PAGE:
Classroom Pets


Classroom Pets 

Teachers and students can help protect our lakes, ponds, rivers and streams from the harmful effects of invasive species by following a few simple steps. Learn more about the link between classroom pets and AIM and be sure to share these tips with others. 


Getting Started

  • Choose regionally-native or non-invasive plants and animals. These species pose less risk to the environment.
  • Confirm that species are allowed under state and federal regulations.
  • Ask the vendor for the scientific name of each organism to make sure you received the appropriate species. In some cases, the vendor may substitute similar organisms that may harm the local environment.
  • Contact your state natural resources agency if the packaging was damaged and you suspect that an organism was accidentally released or escaped.
  • Rinse plants in a bucket after unpacking to remove all other materials, including dirt, vegetation, animals and eggs.
  • Remove any dirt, vegetation or other materials from animals after unpacking.

Removal and Disposal

  • Sterilize unwanted water by adding ¼ teaspoon bleach for each gallon of water before pouring it down the drain.
  • Freeze all debris, packing materials and unwanted plants in a sealed plastic bag before throwing them in the trash. This ensures the plants are dead before they are carried to landfills or other locations where living plants could still cause harm.
  • Find new homes for unwanted plants and animals, such as a retailer or another school or classroom.
  • Ask the new owner or students who are allowed to care for the organisms to sign an adoption pledge form.
  • Contact a veterinarian or pet retailer for guidance if euthanasia is required.

 These steps were adapted from the ANS Task Force guidelines.

 

Retailers and Wholesalers

As a purveyor of live aquatic plants and animals for use in classrooms, you can help protect our natural areas from invaders by adopting a few simple practices. Learn more about the link between classrooms and aquatic invasive species, and be sure to share these tips with your customers and other suppliers.

General

  • Comply with all federal, state and local regulations related to the import, quarantine, propagation, holding, sale and distribution of aquatic animals and plants, including those governing areas where you sell and ship.
  • Determine whether existing stocks of organisms are invasive in the areas they’re stored and eliminate any invasive species.
  • Consider establishing a program that allows customers to give back plants and animals they no longer wish to maintain. 

Buying and Receiving

  • Evaluate the potential invasiveness of every species before acquiring it for sale.
  • Purchase only those organisms labeled with scientific names.
  • Ensure that the organisms you obtain are correctly identified—ideally to species.
  • Purchase only animals and plants that show no sign of disease or parasitic infestation.  

Containing

  • Comply with federal, state and local regulations for construction of all propagation and holding ponds or tanks.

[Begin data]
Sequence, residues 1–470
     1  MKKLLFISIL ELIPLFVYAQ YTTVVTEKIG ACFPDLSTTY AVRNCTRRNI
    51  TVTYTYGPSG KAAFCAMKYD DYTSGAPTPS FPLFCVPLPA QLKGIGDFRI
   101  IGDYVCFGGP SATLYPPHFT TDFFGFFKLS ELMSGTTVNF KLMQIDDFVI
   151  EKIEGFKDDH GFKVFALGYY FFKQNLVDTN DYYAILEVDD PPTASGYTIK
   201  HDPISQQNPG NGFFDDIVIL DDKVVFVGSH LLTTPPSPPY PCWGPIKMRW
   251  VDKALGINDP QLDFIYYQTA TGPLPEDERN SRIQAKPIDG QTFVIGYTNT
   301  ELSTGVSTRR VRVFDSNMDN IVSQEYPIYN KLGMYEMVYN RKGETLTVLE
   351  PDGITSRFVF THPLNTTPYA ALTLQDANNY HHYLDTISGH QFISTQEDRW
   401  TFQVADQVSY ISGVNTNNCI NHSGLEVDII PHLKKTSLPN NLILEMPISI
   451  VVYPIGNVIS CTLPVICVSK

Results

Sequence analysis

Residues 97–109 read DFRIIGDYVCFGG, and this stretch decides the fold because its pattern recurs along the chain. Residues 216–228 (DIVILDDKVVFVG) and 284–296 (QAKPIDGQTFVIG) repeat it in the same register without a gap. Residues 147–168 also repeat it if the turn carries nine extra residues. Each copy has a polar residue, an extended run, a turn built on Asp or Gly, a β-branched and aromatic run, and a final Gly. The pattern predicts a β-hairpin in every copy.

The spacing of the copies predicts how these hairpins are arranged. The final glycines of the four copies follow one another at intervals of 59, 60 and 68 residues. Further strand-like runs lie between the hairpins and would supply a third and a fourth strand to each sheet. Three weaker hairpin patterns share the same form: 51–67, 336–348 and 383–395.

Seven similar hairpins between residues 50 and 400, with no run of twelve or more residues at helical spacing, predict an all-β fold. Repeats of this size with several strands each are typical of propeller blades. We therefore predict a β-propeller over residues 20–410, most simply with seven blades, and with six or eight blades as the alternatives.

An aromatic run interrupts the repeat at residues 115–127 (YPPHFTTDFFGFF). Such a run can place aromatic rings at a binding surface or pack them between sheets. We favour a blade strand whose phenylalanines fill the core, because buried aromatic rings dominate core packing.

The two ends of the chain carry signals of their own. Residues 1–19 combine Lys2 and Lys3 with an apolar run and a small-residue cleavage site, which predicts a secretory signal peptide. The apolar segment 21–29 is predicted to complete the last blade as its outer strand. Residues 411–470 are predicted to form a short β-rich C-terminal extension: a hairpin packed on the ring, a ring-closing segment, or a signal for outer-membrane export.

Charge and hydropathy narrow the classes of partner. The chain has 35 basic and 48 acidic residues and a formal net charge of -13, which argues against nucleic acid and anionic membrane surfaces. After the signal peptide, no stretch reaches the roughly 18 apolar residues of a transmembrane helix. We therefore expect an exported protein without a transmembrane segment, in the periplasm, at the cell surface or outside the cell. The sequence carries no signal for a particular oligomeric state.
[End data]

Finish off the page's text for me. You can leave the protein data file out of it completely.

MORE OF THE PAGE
• Build ponds and situate tanks to ensure that they and their contents—including any outflows and overflows—stay separate from natural or public water bodies.
  • Rinse plants in a bucket before planting or adding to tanks to remove excess material, including dirt, vegetation, animals and eggs.
  • Remove all dirt, vegetation or other excess material from animals before adding them to your pond or tank.
  • Quarantine new animals in a separate, filtered container for 2-4 weeks before adding them to your pond or tank.

Growing

  • Use spring, well or filtered water in ponds and tanks—avoid using untreated surface water, which may contain unreported invaders.
  • Visually and manually inspect ponds and tanks for the presence of invasive species and decontaminate if AIM are found. Decontamination information can be found here and here.

Disposing

  • Dump rinse water on dry land or add ¼ teaspoon bleach for each gallon of water before pouring it down the drain.
  • Put all debris, packing material, and unwanted plants and plant parts in a sealed plastic bag, freeze if possible, and place in the trash. Freezing ensures the plants are dead before they’re carried to landfills or other locations where living plants could still cause harm.
  • Never release unwanted plants or animals into natural or public water bodies.
  • Contact a veterinarian or pet retailer for guidance if euthanasia is required.

Selling

  • Promote regionally native or non-invasive plants and animals.
  • Avoid selling or shipping organisms to areas in which they are invasive—not all invasive species are regulated. Visit the Alternatives, ND STAIR, Predicting Invaders, and Meet the Invaders pages or contact your local natural resource managers for more details.
  • Label all plants and animals with accurate scientific and common names.
  • Avoid selling organisms showing signs of disease or parasitic infestation.
  • Ensure that customer purchases, including containers and packaging materials, are free of dirt, vegetation, animals, eggs and other excess material.

Educating Customers

  • Share your knowledge of AIM and the steps teachers and other individuals can take to prevent AIM introduction and spread.